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Shades of "It's a wonderful life," the Donkey's Ear.

donkey-ear-view-2

Donkey's ear -- all the resonance of Beethoven...

Miters are for putting a 45 degree angle across the face of a board. What if we want to miter the edge of the board? We go out, find the nearest Jerusalem donkey, and lop an ear off! This strange contraption is actually known as a Donkey’s ear. Note the fence on the 45 degree surface, and how that surface forms a fence for our plane to ride against as well. In use, the piece underneath the plane table is chucked into a vice, the stock held against the vice, and away we go! On any shooting board its always a good idea to have the sides of our planes lubricated a bit with paraffin or ordinary candle wax. Here’s another view of the donkey’s ear. I have measured drawings available for any of these (NO, I’m not wearing a flannel shirt and beard!) If you are interested, please email me at mack AT thewoodshepherd DOT com.

Oh yeah…

And now, a podcast!

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31
Jan
09

Episode 12 – Hand Planes, Part 2

Specialty Planes

tools-014

Veritas Skewed Rabbet plane. Not skewered rabbit. NO.

The Web’s Only Totally Galoot Podcast(tm) continues our journey through the drawer of hand planes by picking up and examining the scrub plane. So many of these planes are made from old smoothers, and I thought I had an original idea. Someday I’ll be able to afford the LN 40. Maybe. Our next stop is with the variety of rabbet and plough (plow) planes available today. I’ve become a huge fan of Veritas’ skewed rabbet plane, shown here on the right.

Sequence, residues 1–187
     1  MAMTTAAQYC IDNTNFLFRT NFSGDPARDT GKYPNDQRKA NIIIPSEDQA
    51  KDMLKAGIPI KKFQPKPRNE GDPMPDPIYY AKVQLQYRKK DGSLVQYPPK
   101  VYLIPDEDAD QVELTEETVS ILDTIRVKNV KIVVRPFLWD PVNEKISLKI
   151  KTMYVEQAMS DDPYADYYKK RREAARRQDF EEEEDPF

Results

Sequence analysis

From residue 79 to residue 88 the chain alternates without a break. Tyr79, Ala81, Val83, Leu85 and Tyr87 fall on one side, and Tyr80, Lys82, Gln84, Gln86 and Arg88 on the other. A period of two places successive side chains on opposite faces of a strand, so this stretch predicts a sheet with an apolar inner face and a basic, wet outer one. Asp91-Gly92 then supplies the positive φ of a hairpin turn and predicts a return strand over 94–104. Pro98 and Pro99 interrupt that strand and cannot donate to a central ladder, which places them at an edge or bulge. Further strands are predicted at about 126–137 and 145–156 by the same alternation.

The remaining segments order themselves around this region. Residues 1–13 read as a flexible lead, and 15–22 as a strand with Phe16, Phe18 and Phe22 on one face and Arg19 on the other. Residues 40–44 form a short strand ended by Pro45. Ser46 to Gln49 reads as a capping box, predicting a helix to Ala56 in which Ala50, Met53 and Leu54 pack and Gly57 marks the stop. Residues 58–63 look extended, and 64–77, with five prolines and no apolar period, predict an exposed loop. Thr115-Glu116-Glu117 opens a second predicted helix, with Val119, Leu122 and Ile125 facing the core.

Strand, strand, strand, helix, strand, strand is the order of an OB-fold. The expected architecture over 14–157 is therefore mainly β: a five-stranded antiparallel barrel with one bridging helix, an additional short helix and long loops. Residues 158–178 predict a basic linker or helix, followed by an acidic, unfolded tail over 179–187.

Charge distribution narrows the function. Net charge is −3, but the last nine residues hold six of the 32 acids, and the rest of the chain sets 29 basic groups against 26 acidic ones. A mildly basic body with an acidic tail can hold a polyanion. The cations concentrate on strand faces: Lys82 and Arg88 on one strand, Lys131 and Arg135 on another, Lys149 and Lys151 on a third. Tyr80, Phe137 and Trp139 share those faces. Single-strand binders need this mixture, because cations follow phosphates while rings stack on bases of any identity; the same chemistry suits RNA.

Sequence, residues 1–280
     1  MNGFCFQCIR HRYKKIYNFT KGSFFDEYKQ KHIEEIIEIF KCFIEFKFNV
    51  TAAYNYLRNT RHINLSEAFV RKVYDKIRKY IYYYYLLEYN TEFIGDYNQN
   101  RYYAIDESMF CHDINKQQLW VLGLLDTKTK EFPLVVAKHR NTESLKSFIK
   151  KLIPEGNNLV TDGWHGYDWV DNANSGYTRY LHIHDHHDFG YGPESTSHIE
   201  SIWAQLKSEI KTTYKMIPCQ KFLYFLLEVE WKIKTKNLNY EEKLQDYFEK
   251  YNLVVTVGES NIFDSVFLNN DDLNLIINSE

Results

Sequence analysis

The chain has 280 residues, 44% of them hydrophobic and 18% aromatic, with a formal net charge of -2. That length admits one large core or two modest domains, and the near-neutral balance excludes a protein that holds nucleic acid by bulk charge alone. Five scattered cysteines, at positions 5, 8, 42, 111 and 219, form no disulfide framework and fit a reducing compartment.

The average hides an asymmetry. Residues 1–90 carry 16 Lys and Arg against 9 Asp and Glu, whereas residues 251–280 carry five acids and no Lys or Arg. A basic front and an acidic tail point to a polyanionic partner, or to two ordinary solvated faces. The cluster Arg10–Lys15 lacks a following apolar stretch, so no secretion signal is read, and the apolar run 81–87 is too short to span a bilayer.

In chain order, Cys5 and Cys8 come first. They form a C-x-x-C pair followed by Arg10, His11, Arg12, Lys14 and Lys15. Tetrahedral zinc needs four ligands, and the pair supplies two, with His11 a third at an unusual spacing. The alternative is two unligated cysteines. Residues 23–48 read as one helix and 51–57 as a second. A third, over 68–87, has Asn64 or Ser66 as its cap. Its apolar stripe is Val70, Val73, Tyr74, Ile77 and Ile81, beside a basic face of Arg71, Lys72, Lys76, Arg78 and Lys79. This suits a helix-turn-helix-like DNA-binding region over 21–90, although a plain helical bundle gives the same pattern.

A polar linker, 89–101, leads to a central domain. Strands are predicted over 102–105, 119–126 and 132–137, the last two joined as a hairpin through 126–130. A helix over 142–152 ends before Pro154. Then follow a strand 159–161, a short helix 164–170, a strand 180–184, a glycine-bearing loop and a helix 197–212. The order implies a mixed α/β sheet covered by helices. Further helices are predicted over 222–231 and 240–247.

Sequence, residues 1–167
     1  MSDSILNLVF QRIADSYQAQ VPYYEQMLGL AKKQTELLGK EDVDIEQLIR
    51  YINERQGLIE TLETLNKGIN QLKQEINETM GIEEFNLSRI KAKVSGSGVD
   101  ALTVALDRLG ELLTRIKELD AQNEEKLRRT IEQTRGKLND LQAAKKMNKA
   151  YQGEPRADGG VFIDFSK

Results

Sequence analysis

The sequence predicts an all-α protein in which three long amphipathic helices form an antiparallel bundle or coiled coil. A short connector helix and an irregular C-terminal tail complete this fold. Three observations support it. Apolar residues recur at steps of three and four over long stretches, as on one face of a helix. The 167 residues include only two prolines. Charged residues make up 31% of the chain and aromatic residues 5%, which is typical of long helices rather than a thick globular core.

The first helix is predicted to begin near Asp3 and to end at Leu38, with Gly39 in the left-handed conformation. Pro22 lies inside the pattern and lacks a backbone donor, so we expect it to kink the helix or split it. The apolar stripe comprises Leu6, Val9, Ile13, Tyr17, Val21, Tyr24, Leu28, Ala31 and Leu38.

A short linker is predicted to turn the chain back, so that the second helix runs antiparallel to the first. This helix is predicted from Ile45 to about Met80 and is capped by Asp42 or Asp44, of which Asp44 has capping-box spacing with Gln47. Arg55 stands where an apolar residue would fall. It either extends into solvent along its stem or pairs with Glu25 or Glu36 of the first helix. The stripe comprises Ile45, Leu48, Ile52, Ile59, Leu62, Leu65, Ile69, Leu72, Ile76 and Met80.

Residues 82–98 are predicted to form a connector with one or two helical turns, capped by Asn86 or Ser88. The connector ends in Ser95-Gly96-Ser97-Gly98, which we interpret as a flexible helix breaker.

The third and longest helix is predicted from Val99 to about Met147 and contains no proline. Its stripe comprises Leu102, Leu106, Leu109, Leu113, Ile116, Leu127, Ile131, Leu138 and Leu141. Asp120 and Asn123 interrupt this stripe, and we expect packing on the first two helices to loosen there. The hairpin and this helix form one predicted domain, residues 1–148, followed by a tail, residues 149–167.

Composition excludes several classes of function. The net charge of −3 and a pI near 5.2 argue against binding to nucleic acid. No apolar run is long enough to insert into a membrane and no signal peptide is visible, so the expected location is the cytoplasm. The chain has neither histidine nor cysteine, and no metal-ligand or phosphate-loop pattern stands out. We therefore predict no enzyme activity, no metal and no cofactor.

norris-infill-shoulder-no-7

Norris No.-7 Infill

There are actually all kinds of ways to cut rabbets and dados, and to plough grooves (to dado is to groove a trench that run perpendicular to the grain, and to plough is to to groove a trench parallel to the grain,) including using knives to score the borders and chisels to remove the waste, but this is admittedly long and tedious in process, and not particularly accurate over the long haul (DAMHIKT.) We therefore turn to rabbet, shoulder, fillister (moving and/or standing), and plough planes to get the job done. On the left is a Norris No.-7 infill shoulder plane, the object of many a poor Galoot’s lust.

stanley-48

A crispy Stanley No.-48 match plane, for a match made in heaven.

The match plane is the traditional name for the plane that makes tongues and grooves. Prior to today’s wonder glues, tongue and groove construction was just about as strong as it gets in terms of joining the edges of boards together, since glue really isn’t much of a factor. In the old farmhouse we live in, for example, the floors are all dry tongue and groove, and since they were installed 90 years ago they have each shrunk despite best efforts to maintain a finish on them (cheezy linoleum aside.) Wood shrinks the greatest at its width, and as each plank shrinks it tends to pull back from its neighbor. Having the tongue in between the planks keeps (or at least slows down) the breezes from blowing up through between the planks. FWIW, all the ceilings are beaded board tongue and groove as well. These are photos of my extremely cool Stanley No.-48 match plane, which makes making perfect tongues and grooves extremely easy.